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Xu Zhimo's Leaving Cambridge poem: rhyming translation

Since 2008 a carved stone placed behind the bridge in King's college has displayed the first and last lines of a famous Chinese poem by 徐志摩Xú Zhìmó. The poem has been attracting Chinese people to Cambridge since 1928. In 2018, after the college choir performed a setting of the Mandarin by Rutter, a garden-paving design was opened around the stone; this quoted a 2009 English translation by Liang et al.

Zhimo was briefly a literature researcher at King's (1921-22) after reading economics and politics in Beijing, New York and London. He admired then-recent English poets such as Thomas Hardy (visiting Hardy's Dorset home in 1925), and rewrote some of their poetry in Chinese, as well as his originals including a first poem about leaving Cambridge in 1922, but the famous second one was dated 6th November 1928 after revisiting Cambridge on a tour (it's not about an old girlfriend as was mistakenly reported). In 1931 he died in a plane crash on the Chinese airmail service, unaware that his poem would later enter the curricula of many of China's schools.

The original poem has rhyme and rhythm.

I'm told it's hard for some non-English to see the rhythm in my version, so here's a recording with rhythm emphasised. Or see the Chinese version of this page, where I've added IPA and stress marks as used in some of China's English classes.
Most translations into English do not rhyme. This is understandable because it's difficult. But seeing as Zhimo originally used rhyme, and he appreciated the great English poets that rhymed, I wanted to try and make an English translation in rhyming heptameters (七步格qībùgé 韻律).yùnlǜ

Below is the original poem and my attempt (2006, revised 2010), and also some notes on how that was arrived at, stanza by stanza. (This page uses Full-form or "Traditional" Chinese characters, which is the way the poem was originally written. A version with Simplified characters is also available if you prefer. If you want just one stanza, please see the short version at the bottom of this page.)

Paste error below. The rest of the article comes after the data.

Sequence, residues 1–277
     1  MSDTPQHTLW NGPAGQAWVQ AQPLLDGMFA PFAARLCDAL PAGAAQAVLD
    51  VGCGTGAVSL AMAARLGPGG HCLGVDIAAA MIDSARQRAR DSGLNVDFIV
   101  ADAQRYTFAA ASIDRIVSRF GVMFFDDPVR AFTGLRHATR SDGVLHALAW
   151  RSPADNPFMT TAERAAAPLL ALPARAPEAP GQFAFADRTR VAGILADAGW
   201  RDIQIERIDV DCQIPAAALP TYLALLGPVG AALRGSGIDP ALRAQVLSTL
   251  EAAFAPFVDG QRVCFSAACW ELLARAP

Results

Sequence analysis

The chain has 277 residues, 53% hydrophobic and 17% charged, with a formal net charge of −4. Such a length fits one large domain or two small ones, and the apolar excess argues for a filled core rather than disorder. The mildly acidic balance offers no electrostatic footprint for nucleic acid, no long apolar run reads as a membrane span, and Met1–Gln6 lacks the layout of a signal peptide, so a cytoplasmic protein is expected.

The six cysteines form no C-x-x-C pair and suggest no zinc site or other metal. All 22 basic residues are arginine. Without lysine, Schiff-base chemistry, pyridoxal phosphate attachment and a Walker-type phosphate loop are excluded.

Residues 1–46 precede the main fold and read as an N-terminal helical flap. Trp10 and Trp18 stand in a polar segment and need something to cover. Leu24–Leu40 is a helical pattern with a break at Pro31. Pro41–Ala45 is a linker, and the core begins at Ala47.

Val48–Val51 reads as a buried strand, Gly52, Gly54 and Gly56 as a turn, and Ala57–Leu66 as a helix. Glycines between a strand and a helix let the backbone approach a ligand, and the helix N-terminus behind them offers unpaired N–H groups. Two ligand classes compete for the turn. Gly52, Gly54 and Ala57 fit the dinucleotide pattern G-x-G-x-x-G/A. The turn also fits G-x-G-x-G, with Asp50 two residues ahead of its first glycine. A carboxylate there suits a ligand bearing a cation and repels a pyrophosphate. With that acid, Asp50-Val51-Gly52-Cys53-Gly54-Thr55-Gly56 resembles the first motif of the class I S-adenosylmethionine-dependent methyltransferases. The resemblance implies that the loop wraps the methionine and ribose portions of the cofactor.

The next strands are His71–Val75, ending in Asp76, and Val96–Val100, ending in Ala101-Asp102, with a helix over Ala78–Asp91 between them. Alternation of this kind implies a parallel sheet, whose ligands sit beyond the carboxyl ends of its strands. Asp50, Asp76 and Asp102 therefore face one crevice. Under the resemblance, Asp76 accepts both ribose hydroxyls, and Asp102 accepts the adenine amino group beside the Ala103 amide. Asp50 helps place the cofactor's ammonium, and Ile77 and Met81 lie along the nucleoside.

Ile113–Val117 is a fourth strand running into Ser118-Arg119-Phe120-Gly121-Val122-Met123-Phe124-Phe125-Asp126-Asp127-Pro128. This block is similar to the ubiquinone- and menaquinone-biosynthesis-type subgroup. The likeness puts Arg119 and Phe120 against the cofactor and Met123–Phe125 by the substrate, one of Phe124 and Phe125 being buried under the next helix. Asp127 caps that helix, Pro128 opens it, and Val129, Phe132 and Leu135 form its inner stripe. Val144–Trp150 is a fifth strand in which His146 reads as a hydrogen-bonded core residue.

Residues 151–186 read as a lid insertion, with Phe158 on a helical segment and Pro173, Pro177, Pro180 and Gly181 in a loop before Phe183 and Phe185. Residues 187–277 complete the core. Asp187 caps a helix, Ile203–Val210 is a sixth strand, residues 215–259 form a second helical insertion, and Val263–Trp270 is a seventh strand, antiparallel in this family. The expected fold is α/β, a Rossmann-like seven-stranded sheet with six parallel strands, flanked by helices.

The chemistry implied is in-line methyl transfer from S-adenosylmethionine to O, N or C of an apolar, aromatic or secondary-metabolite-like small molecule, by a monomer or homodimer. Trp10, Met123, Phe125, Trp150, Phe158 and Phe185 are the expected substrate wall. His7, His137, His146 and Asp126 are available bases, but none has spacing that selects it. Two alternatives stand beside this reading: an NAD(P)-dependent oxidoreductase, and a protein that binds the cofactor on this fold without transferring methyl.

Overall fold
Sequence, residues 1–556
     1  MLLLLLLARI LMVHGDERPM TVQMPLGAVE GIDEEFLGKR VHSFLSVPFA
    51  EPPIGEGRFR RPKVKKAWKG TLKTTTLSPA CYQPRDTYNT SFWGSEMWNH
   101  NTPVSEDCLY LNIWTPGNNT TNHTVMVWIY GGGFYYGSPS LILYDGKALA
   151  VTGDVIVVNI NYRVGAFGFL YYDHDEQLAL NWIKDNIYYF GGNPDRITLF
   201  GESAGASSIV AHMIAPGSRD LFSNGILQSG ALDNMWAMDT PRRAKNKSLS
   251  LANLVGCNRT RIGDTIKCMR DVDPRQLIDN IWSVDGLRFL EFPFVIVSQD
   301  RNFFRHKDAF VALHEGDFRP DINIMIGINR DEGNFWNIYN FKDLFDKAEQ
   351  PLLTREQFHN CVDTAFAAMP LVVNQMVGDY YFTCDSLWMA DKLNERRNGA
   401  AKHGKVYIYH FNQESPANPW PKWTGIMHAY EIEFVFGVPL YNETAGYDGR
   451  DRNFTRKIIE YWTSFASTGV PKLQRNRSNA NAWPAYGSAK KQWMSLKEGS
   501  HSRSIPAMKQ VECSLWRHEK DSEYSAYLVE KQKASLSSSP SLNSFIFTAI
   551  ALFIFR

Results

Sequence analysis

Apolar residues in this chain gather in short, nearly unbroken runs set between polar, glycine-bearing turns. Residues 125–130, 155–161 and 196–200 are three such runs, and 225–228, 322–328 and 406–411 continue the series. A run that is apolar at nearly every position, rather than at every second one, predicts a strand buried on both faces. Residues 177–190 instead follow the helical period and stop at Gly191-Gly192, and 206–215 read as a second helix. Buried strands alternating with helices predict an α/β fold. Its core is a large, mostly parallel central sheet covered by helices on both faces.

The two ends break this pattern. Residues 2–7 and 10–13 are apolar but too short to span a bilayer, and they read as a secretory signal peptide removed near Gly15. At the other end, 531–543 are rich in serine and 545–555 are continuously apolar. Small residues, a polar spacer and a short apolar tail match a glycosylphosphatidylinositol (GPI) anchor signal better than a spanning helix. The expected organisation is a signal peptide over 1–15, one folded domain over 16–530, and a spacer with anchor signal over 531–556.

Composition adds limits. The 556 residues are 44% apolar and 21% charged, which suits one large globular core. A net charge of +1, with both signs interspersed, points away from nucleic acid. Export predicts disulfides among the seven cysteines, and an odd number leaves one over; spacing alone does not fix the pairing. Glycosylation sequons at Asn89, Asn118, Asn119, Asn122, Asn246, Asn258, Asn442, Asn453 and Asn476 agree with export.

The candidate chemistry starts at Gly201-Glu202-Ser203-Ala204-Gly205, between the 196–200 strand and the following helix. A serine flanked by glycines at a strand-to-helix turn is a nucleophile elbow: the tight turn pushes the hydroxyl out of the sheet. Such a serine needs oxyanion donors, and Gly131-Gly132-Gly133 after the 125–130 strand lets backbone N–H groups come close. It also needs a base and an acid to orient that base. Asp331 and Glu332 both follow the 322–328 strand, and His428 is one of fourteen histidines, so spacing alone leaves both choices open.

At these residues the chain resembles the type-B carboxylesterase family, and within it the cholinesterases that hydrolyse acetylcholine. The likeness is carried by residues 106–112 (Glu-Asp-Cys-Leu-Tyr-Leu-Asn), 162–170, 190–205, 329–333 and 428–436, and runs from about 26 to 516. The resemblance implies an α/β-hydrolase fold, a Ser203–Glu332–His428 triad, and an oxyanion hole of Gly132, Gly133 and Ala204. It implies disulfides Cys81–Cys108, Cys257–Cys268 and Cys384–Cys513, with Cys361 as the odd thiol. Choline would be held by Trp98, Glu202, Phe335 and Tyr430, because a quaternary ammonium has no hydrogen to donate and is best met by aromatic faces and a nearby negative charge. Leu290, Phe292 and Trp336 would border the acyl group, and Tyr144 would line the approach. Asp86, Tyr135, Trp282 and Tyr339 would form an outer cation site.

Zài Bié 康橋Kāngqiáo Leaving the Revisited Cambridge

輕輕Qīngqīng de zǒu le  正如zhèngrú 輕輕qīngqīng de lái 

輕輕qīngqīng de 招手zhāoshǒu  作別zuòbié 西 tiān de 雲彩yúncai 

Quietly now I leave the Cam,

As quietly as I came.

Gently wave farewell the clouded

Western sky aflame---

河畔hépàn de jīn liǔ  shì 夕陽xīyáng zhōng de 新娘xīnniáng 

波光bōguāng de yàn yǐng  zài de 心頭xīntóu 蕩漾dàngyàng 

There the golden willow stands

a bride of sunset's glow.

How its dancing ripples glint

and stir my heart below;

軟泥Ruǎnní shàng de qīng xìng  油油yóuyóu de zài 水底shuǐdǐ 招搖zhāoyáo 

zài Kāng de róu   甘心gānxīn zuò tiáo 水草shuǐcǎo 

crowded rushes wave in water

bouncing with the weed

flowing slick by soft-soil'd banks---

I long to thus proceed!

yìn xià de tán  不是bú shì 清泉qīngquán  shì 天上tiānshang hóng

揉碎róusuì zài zǎo jiān  沉澱著chéndiànzhe 彩虹cǎihóng 似的shìde mèng 

尋夢Xúnmèng 

Duckweed-crumpled rainbow's pool

of iridescent dream

pure as springs 'neath elmtree's bough---

O search the shrouded stream;

Chēng zhī cháng gāo  xiàng 青草qīngcǎo gèng qīng chù màn  

滿載mǎnzài chuán xīng huī  zài xīng huī 斑斕bānlán 放歌fànggē 

Punt toward the yonder whence

the emerald fields lie;

Return with joyous song engulfed

by tranquil starlit sky.

Dàn 不能bùnéng 放歌fànggē  悄悄qiāoqiāo shì 別離biélí de 笙簫shēngxiāo 

夏蟲xiàchóng 為我wèi wǒ 沉默chénmò  沉默chénmò shì 今晚jīnwǎn de 康橋Kāngqiáo 

But as for me, I cannot sing

this muted summer's evening;

Even insects hush, as silence

plays the flute for leaving.

悄悄Qiāoqiāo de zǒu le  正如zhèngrú 悄悄qiāoqiāo de lái 

揮一揮huī yi huī 衣袖yīxiù  帶走dàizǒu piàn 雲彩yúncai 

Stealth'ly now I part from Cam,

As bid farewell I must.

Waving sleeve so gently lest

a cloudspeck I should dust.